No matter how far we may travel throughout the year, every one of us has a home of which we are in constant orbit until we return to the safety of its surface. For me, it is the rolling hills of my family farm in Hopewell, and my mind is instinctively at ease entering its grounds. These lilting fields remain as they’ve been every November, neatly tucked like a chartreuse and amber quilt, waiting to secure me.
Strolling towards the barn, the narrow asphalt path is damp after an afternoon storm, creating small splashes with each step. Every inch of the property is alive. I am greeted by a pair of gregarious goats, leading me on a familiar tour of their pasture. Continuing down the line, I run into our two horses, Lady Rebecca and Nobel. Their cinnamon and raven-colored coats blend perfectly with the myriad of other earth tones saturating the trees and fields around me.
Fences and foliage line my peripheral vision in a familiar and calming precession. I am fascinated every time I walk through these paths that they still manage to inspire wonder and awe in the surrounding beauty after all these years. Some days the reasons are more obvious than others, and today, I am rewarded with a spectacular rainbow arcing above the trees.
Perhaps nothing highlights the contrast of changing locations greater than our sense of smell. It acts as an environmental measure, and its effects can be invisible, lying in wait until pushing immediately to the forefront of our senses. Places we’ve never been sting in the nose with unique aromas, but the longer they linger the less we notice them, and this effect compounds in our homes and common haunts.
This makes our noses powerful vehicles with the ability to transport us across time and space in an instant. The scent of a childhood food, a certain wood burning, or flowers on a breeze can unlock the brain’s inner doors, opening our memories and flinging us back into lost worlds. I can be on the other side of the planet, and the earthy, almost sweet smell of horses and livestock will immediately place me back here in this barn.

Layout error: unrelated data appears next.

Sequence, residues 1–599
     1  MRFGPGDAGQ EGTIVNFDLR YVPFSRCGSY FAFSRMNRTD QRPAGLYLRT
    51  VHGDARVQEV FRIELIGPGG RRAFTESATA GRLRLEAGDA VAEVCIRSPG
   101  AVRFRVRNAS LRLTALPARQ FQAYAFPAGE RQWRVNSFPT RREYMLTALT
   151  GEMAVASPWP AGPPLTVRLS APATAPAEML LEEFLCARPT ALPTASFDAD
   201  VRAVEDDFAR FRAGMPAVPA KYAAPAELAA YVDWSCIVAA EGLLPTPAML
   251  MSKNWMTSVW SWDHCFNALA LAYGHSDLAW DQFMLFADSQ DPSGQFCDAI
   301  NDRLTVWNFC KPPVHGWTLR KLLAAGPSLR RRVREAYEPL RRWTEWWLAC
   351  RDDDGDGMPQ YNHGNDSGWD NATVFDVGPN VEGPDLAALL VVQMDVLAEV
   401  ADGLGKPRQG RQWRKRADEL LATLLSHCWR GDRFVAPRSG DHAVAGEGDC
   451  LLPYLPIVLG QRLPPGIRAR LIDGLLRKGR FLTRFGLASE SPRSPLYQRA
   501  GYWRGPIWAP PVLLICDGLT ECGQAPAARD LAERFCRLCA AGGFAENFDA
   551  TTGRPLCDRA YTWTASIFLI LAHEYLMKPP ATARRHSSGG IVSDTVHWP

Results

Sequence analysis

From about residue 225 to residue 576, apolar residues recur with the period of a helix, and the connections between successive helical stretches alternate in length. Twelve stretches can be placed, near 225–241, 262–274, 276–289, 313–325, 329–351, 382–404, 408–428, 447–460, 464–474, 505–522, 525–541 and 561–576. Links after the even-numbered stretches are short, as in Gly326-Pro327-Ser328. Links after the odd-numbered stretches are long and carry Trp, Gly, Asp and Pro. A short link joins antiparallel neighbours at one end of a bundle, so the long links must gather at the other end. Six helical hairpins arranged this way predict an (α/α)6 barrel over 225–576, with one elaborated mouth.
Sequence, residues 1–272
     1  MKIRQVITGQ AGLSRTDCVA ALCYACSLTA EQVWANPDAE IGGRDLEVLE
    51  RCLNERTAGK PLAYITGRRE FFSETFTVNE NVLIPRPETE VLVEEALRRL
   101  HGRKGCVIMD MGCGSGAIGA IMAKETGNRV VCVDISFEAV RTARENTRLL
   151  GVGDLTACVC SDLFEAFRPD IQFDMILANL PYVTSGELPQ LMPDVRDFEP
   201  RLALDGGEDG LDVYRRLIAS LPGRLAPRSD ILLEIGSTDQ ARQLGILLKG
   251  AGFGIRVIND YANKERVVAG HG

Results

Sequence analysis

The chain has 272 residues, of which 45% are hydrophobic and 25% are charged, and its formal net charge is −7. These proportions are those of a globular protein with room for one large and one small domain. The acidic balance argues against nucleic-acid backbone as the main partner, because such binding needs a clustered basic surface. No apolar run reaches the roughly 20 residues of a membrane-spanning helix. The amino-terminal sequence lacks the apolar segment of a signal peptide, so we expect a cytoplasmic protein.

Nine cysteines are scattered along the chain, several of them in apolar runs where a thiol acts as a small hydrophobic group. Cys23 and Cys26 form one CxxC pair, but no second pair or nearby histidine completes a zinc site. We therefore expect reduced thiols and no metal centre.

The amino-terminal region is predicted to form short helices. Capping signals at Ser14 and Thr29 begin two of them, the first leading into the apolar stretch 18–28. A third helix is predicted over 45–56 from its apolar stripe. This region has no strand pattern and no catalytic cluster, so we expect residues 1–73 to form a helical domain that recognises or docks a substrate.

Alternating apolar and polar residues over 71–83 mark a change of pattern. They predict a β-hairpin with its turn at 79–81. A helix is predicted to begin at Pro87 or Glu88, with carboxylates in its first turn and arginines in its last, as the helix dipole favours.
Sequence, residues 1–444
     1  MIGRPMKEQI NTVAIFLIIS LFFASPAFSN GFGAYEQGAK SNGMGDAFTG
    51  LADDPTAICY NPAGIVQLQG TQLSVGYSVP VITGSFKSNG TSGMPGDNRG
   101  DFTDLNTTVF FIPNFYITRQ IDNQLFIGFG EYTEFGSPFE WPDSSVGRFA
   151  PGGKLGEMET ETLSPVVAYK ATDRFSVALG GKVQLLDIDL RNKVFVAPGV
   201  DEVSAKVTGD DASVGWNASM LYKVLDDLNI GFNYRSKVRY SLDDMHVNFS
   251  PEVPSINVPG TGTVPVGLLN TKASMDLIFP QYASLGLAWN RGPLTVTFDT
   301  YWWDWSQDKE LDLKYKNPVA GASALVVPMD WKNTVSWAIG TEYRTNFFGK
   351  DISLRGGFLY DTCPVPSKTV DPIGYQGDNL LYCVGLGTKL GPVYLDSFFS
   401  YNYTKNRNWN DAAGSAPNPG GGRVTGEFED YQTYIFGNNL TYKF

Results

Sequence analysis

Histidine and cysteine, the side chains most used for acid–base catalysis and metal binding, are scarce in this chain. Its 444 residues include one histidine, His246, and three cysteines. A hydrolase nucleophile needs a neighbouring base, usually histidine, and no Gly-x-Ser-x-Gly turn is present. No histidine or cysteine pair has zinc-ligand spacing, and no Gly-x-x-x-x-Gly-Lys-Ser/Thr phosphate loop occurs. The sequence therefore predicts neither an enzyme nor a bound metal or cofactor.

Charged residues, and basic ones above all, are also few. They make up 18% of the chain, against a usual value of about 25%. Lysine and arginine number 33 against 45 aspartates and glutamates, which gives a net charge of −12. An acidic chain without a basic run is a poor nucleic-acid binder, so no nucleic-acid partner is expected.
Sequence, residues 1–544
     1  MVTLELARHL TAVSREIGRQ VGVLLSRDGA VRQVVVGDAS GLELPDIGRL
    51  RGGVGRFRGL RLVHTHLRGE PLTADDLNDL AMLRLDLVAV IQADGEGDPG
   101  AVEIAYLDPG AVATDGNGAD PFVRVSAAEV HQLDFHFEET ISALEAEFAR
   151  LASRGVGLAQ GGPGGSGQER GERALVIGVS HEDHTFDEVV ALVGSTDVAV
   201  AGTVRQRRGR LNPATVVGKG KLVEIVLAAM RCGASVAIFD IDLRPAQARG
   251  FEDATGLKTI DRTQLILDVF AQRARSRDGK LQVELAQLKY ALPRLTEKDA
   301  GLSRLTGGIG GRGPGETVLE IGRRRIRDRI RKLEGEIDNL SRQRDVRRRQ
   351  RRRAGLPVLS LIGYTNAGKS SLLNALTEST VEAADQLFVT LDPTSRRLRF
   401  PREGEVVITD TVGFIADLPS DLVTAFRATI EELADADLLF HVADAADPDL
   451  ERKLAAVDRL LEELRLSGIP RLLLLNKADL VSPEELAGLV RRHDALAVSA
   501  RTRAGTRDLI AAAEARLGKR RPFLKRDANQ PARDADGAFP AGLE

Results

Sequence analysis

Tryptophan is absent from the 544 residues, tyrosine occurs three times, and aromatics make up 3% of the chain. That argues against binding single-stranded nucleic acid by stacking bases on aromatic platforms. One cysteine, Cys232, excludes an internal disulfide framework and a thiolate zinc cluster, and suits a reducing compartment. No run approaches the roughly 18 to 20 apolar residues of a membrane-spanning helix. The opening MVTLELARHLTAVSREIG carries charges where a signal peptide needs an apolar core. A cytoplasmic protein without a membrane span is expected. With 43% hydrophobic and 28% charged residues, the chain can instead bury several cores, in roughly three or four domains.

Every culture has a special feast day, and they are a symbol of our extended families, generosity, and togetherness. As similar as the dishes on all family tables can be, each is still completely unique through our specific traditions and triumphs. No sweet potato pie smells quite the same. Each potluck plate may contain a family recipe perfected over generations, or something entirely new being ventured into the fold. This creates an aroma that is familiar, but always slightly altered by another year’s refinement and whims.
On Thanksgiving Day, I become entranced by the warm comfort of family and the shared routine of the holidays. Going out into town that day one will find closed shops and quiet streets, the population shifted together and gathered into homes buzzing loud and lively. I find myself greatly anticipating this year’s holiday season, no longer stunted by the remnants of the pandemic. The cozy magic of my beautiful home and the open space that surrounds are a perfect reflection of the spirit of Hopewell and the unsung wild places in New Jersey.
Thanks for reading,